Today I’m summarizing and excerpting the second half of Mária Vásárhelyi’s essay on the language of dictatorships and the Orbán government’s conscious imitation of their well-tried methods to change people’s political views and create devoted servants of the regime.
* * *
The colonization of language
Besides the seizure of the media, the most important tool in Goebbels’ propaganda campaign was the expropriation of language. Gradually the Third Reich created a language of its own and everyday linguistic usage adjusted to it. As Klemperer noted, “the absolute rule that was created by a handful of people was the linguistic command of one man that eventually spread across the whole German-speaking world … Oration must be understood literally: to say nothing in a raised voice, or more precisely to yell nothing. This boorish style became compulsory for the whole world…. The language of the Third Reich attempted to kill the person in his individuality and make him a person without will.”
Soon enough it became customary that every Friday night someone on the radio would read the Goebbels article that would appear in the Saturday paper. In this way the government designated the topics that would define political discourse for the next week. In Hungary, Viktor Orbán’s Friday morning radio interviews serve the same purpose. In these conversations Viktor Orbán not only sends the pro-government media a message about what topics should be discussed but also makes sure they understand how these topics should be interpreted.
One key distinguishing feature of the language of the Third Reich was its linguistic poverty. After 1933 the language of Mein Kampf became the language of the people. It occupied public as well as private life. This primitive language served several purposes: to reach as many people as possible, to simplify the understanding and functioning of a complicated world, and to express the essence of the centralized power of one man. The same linguistic poverty can be found in the political language of Viktor Orbán and other Fidesz leaders. They make sure that their messages get to even the least educated segment of the population. They translate complicated relationships into simple sentences.
Given the poverty of the language of dictatorships, it is interesting to note that sentimentality, pathos, and kitsch are also part and parcel of their style and their way of speaking. These mask the emptiness of their phrases. Kitschy phrases are integral to Viktor Orbán’s speeches. For example: “I readily accept the advice of boys attending tea parties when sailing on Lake Balaton, but we are on open sea. A captain of a ship in the middle of rolling billows and among reefs who is being told that he should be a little more careful with the rudder can only laugh.” Or, “Under the uniform there is also a heart, not only muscle.”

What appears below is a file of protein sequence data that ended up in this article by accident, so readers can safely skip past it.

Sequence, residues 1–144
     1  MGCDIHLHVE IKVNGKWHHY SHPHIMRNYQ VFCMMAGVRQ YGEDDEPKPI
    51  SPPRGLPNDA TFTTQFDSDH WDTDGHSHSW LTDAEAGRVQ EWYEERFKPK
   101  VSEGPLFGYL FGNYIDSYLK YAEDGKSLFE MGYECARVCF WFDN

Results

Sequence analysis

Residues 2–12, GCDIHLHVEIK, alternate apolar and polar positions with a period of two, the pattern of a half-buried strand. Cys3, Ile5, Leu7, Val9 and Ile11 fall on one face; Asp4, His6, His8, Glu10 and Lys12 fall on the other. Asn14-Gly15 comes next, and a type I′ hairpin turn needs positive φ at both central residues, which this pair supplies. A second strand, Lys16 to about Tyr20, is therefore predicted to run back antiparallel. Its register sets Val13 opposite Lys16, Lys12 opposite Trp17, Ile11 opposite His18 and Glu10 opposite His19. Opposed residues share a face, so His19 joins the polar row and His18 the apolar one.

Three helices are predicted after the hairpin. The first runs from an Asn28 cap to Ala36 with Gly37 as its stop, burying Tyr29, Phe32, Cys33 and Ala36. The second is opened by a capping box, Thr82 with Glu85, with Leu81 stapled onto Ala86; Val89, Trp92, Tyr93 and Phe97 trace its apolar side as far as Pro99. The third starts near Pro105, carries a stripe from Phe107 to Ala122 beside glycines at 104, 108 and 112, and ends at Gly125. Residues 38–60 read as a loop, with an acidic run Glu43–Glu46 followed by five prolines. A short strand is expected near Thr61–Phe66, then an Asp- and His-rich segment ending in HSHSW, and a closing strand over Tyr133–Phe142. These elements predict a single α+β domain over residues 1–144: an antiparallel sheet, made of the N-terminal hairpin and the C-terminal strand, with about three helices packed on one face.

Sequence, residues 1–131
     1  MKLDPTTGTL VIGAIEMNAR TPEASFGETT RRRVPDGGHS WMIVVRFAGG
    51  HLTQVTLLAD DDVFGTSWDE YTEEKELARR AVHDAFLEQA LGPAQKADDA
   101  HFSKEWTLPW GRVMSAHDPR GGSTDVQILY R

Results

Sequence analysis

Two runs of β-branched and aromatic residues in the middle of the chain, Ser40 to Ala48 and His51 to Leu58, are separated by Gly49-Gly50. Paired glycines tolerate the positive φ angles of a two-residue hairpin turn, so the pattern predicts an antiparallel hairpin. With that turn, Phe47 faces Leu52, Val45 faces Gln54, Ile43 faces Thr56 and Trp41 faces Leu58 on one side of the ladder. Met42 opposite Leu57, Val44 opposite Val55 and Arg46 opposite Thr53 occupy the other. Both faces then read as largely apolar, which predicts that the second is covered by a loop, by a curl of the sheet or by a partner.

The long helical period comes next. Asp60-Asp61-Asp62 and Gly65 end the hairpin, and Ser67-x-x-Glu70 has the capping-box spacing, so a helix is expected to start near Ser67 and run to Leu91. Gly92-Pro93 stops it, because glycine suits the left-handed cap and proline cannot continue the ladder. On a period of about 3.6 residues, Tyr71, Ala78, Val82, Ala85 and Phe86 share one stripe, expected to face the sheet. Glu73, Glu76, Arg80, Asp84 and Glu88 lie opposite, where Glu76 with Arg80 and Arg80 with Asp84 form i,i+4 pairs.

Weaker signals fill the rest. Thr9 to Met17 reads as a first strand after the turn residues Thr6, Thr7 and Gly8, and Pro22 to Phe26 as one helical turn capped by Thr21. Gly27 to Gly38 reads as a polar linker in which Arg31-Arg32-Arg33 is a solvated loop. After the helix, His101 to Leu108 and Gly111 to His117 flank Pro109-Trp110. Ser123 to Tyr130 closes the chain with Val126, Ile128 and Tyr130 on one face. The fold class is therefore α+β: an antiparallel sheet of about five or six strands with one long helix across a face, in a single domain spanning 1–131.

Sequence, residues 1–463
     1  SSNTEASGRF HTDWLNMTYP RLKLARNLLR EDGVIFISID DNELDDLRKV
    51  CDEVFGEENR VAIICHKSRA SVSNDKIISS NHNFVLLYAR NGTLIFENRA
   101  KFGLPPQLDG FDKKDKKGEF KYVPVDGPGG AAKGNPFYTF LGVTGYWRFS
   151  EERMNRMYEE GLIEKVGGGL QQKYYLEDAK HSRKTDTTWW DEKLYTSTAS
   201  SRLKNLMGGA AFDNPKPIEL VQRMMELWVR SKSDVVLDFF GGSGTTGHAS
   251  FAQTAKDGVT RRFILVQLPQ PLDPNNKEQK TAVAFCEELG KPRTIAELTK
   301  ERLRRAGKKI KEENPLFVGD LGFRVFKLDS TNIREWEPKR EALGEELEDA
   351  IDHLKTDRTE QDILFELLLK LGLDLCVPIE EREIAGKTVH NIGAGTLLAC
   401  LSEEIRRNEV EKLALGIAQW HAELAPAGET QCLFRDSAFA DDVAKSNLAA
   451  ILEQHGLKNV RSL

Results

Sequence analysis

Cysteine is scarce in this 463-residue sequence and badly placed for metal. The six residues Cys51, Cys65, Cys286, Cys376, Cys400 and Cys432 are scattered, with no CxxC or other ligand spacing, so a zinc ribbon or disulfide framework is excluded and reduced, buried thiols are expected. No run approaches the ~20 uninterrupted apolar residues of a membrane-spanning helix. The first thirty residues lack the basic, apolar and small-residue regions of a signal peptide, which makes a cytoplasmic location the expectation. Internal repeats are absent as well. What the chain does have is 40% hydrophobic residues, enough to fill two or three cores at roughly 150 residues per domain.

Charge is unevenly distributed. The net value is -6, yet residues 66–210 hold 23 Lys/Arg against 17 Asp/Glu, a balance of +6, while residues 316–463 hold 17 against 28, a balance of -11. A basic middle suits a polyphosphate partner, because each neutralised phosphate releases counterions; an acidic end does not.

The cult of strength is an important feature of the language of dictatorships. As Klemperer pointed out, it was the cultivation of the body that held first place and intellectual endeavors last place in education. In the Third Reich an incredible amount of public money went to the support of sports. Surely, the same can be said about Viktor Orbán’s infatuation with sports as the most important ingredient of the education of youth.
The emphasis on the “Volk” served two purposes. It was supposed to strengthen the feeling of community and, even more critically, it was designed to destroy the person as a distinct individual. One of the posters of the Third Reich declared that “You alone are nothing, your people are everything.” According to Klemperer, “the word ‘people’ appeared as often in speeches and in writing as salt in our meals.” In Hungary, instead of “people” the favorite turn of phrase is “the nation” or “the Hungarian people.” The constant use of these words has rendered them meaningless. Their overuse leads to such ridiculous combinations as “National Tobacco Shop” or “National Parking Company,” but unfortunately by now we don’t even have an inclination to laugh at them.
The instruments of linguistic occupation
An important stylistic element of the word usage of dictatorships is repetition, which is supposed to ensure that people learn the meanings of newly created words or words with new meanings. This tendency is also recognizable in Orbán’s Hungary. Once a word has been chosen to hammer into the heads of the population, all Fidesz politicians will repeat it ad nauseam. This is what Gábor Kuncze, former chairman of SZDSZ, dubbed the “parrot commando.”